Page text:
The story follows Krypto (voiced by Dwayne “The Rock” Johnson), a Kryptonian Labrador Retriever, who as a puppy hitched a ride alongside the infant Kal-El as he was launched into space by his parents from the dying planet of Krypton, promising to look over him always. Years later, the pair share everything, including super powers, and are widely known as Krypto the Superdog and Superman (voiced by John Krasinski). But when Superman decides to take his relationship with Lois Lane (voiced by Olivia Wilde) up a level, Krypto starts to feel a little left out.
Concerned that the clingy, socially awkward Krypto will need a friend after he pops the question, Superman drags Krypto to a shelter where he encounters Ace (voiced by Kevin Hart), a dog’s dog, who had been bidding time in a cage by convincing his fellow shelter rejects the potbellied pig PB (voiced by Vanessa Bayer), the wizened turtle Merton (voiced by Natasha Lyonne), and the red squirrel Chip (voiced by Diego Luna), to look forward to nice life at a farm upstate.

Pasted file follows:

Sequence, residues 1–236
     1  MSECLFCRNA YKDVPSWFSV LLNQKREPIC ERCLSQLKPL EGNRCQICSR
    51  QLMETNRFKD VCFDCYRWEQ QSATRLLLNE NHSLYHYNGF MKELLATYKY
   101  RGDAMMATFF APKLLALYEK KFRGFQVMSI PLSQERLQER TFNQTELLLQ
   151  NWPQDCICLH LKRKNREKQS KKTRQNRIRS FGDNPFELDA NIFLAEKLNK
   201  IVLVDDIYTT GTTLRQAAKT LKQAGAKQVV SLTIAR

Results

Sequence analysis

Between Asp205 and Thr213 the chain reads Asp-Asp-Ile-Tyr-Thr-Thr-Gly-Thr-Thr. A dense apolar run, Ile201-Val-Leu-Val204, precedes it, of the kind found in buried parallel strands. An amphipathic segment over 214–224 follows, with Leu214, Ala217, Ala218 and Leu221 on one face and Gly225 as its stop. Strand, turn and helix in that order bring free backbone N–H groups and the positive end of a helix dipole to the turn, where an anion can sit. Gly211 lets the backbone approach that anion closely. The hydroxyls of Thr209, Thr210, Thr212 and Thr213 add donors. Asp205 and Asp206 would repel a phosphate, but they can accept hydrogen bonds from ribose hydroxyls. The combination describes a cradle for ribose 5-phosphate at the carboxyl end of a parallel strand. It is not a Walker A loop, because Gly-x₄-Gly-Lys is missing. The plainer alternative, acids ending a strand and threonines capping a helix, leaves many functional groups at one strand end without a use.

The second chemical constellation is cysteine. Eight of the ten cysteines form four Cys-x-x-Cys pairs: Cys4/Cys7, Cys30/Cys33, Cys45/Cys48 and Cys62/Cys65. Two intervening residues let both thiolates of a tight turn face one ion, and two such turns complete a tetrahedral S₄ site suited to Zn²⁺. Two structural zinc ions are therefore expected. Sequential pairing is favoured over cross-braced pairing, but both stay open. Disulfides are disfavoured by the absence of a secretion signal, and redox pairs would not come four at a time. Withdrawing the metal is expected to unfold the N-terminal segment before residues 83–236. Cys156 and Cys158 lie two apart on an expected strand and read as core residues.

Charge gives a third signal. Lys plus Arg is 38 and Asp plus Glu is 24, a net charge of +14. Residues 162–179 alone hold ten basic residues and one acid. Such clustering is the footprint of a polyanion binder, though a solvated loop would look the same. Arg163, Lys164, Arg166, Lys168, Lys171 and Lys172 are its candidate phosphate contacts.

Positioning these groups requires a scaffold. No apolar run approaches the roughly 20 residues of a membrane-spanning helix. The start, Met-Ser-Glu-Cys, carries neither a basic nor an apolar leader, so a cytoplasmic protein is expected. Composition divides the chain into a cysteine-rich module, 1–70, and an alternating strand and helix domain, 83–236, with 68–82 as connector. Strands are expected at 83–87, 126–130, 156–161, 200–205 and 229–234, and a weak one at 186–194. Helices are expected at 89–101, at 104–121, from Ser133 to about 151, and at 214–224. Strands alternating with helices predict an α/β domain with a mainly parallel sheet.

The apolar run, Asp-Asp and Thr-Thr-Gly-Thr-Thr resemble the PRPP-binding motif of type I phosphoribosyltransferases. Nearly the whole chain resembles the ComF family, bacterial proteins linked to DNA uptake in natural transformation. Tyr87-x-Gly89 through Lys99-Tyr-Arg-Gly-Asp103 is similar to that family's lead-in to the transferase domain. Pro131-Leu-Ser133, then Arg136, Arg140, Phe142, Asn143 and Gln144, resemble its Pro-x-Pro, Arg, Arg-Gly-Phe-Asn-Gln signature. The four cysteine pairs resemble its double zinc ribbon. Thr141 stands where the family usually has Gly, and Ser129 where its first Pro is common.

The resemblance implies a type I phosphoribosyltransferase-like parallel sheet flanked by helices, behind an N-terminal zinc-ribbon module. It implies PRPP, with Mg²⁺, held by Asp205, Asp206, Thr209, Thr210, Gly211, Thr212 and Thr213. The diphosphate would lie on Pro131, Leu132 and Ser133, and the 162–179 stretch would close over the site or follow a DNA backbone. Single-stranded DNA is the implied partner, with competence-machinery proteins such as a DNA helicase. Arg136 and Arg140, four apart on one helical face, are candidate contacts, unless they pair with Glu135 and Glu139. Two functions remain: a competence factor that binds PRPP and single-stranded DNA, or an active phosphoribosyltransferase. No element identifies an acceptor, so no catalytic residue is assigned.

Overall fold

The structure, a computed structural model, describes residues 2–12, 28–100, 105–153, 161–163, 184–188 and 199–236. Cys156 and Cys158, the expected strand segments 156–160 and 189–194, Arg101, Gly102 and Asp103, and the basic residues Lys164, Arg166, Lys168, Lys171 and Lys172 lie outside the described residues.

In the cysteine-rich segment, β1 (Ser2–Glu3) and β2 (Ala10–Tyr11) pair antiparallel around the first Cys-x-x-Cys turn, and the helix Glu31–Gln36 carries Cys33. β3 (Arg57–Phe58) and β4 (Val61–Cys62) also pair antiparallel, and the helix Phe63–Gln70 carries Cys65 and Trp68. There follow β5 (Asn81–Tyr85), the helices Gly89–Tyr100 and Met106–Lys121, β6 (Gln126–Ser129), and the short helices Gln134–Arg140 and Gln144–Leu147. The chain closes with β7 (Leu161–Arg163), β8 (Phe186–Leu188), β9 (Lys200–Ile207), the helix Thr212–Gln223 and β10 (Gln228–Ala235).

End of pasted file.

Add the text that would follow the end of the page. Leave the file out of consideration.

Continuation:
The said rejects also includes a power-crazed, hairless guinea pig Lulu (voiced by Kate McKinnon), a former lab rat for evil billionaire Lex Luthor (voiced by Marc Maron) who’s determined to follow through on her beloved owner’s dastardly plans. And when she manages to get her hands on a piece of an orange kryptonite, a derivative of the deadly green kind that only works on animals, she manages to trap the Justice League, while accidentally turbocharging the abilities of the other shelter pets too.
Leaving a de-powered Krypto, who is comically bad at being a dog, to team up with this group of outcast super-powered pets to save his friend, and the whole world along the way.
It’s breezy stuff, but while the idea is entertainingly goofy, it puts a clever twist on a silly concept drives a surprisingly sweet and funny film that’s absolutely packed with rapid-fire jokes designed to appeal equally to pet-lovers and DC diehards. True to its animated predecessors, the film pulls off what other superhero entries have struggled to summon from the CGI universe: lighthearted fun and self-aware humor woven with real evergreen themes like the fear of change, learning to love friends through transitions, trusting that love will remain through the seasons.